LONDON (Reuters) – Britons applauded health workers from their front doors and windows again on Thursday in what has become a weekly moment of cacophony and solidarity during the coronavirus lockdown.
At 8 p.m. (1900 GMT), people around the country joined in applauding the National Health Service, with clips shared on social media under the #ClapForCarers hashtag.
Foreign minister Dominic Raab and finance minister Rishi Sunak joined in from outside the Foreign Office, as Prime Minister Boris Johnson continues to recuperate after contracting COVID-19.
Johnson himself managed to join in the applause this time.
“Like millions of people across the country, the Prime Minister joined in the clap for carers this evening, to say thank you for the incredible efforts of the country’s doctors, nurses and care workers,” his office said in a statement.
The applause has become a weekly feature of life under lockdown in Britain, providing a moment of national unity at a time where social distancing measures have greatly reduced how much time people spend outside with others.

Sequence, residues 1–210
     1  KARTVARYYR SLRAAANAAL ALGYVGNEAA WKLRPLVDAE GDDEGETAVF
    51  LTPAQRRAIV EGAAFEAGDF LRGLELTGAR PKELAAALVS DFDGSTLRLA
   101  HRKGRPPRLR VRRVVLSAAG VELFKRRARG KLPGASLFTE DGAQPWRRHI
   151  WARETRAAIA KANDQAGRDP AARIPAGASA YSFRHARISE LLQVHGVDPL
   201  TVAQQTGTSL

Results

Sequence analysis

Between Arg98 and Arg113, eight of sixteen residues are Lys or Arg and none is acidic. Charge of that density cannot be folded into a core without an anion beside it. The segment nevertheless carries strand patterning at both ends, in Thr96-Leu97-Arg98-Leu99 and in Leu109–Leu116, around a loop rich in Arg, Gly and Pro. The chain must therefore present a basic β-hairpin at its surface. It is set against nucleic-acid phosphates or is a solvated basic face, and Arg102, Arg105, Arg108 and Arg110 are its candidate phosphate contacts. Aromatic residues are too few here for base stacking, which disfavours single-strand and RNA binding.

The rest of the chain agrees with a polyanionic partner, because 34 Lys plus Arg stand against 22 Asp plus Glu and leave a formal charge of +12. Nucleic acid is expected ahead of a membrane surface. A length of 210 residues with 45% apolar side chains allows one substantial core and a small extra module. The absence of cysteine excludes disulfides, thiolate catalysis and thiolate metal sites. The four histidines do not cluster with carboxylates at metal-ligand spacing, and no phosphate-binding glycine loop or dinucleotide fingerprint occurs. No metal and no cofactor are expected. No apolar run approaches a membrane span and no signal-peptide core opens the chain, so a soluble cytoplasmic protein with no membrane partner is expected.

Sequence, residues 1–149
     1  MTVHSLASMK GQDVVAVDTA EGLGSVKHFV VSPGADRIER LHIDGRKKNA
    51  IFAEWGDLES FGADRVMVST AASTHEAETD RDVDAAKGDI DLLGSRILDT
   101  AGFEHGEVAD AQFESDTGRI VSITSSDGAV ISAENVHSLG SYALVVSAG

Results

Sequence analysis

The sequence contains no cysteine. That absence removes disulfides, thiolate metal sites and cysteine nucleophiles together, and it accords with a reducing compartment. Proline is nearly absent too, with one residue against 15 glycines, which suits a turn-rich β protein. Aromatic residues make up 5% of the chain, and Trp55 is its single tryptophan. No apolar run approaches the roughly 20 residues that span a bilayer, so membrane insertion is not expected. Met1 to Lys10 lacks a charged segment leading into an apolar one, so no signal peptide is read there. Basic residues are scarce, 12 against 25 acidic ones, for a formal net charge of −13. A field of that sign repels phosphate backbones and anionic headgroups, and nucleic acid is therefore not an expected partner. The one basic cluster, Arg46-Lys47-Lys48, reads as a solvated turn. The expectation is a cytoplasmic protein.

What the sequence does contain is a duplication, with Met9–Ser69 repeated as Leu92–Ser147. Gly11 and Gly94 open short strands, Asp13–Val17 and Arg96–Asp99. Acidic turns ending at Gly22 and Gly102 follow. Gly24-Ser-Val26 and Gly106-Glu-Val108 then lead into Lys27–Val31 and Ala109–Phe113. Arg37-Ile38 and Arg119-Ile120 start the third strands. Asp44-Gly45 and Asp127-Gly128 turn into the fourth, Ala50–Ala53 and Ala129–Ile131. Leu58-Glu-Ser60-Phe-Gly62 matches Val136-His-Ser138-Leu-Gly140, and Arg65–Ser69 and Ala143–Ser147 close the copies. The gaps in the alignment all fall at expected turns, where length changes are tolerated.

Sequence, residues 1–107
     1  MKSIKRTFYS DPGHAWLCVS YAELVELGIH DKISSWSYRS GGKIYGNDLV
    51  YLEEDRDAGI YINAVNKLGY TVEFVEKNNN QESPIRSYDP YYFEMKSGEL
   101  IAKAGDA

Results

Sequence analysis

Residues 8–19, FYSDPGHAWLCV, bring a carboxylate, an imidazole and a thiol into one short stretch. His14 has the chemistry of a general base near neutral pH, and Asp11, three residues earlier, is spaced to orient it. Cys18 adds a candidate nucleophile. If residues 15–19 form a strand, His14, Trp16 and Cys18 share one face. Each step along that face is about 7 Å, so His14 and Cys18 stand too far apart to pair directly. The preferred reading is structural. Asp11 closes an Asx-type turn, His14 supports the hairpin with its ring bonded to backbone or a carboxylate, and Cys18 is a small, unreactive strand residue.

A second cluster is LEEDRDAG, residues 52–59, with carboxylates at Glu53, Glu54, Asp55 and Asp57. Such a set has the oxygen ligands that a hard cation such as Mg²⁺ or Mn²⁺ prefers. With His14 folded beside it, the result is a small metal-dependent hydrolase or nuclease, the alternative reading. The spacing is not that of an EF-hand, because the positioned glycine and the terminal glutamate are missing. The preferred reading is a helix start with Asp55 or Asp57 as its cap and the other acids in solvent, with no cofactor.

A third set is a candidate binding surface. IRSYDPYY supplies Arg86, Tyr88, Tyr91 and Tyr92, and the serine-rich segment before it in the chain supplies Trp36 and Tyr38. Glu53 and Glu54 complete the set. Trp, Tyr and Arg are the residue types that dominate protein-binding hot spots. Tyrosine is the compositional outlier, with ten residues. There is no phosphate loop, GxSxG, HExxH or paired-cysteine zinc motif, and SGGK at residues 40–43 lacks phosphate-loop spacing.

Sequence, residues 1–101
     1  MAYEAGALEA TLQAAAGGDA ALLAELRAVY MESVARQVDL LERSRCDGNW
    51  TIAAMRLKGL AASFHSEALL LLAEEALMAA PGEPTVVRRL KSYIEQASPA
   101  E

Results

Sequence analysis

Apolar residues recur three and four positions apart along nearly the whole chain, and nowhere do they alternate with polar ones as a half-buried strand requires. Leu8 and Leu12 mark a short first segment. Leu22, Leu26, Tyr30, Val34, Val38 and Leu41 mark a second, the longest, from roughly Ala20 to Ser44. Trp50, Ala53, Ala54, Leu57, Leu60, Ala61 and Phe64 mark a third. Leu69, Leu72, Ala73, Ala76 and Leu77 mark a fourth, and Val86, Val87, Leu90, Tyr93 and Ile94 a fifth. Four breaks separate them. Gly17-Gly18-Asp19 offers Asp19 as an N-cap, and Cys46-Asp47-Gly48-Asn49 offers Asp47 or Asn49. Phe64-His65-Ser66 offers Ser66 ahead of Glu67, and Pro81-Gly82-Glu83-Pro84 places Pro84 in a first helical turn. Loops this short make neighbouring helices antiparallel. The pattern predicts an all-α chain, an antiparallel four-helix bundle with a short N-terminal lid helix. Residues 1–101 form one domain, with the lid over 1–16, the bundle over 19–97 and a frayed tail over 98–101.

From London to Liverpool, people clapped, hit pots and pans together and tooted car horns to show their gratitude.
The public show of appreciation for the NHS has been matched with generosity, with amateur runners, footballers and even a 99-year-old war veteran among the people raising millions of pounds to support the health service.
Outside Aintree University Hospital in Liverpool, health workers held signs reading “Thank You Captain Tom!!” dedicated to the war veteran, who raised an astonishing 19 million dollars for the health service by painstakingly completing 100 laps of his garden with the aid of a walking frame.
Other NHS workers joined in with the cheering outside hospitals in London and Watford, to the north of the capital, with employees of Watford Hospital joined by local soccer team mascot Harry the Hornet.
Fire and police forces parked their vehicles on Westminster Bridge, near parliament in London, and raised banners in support of the NHS as they applauded.
Britain last month pledged 5 billion pounds to the health service to fight coronavirus and finance minister Rishi Sunak said extra services that were needed would be funded whatever the cost.
But the government has faced criticism for inadequate supplies of the right protective equipment for hospitals and slow roll-out of testing, including for health workers.
(Reporting by Alistair Smout; additional reporting by Kevin Coombs and Hannah McKay in London, Paul Childs in Watford and Phil Noble in Liverpool; editing by Stephen Addison)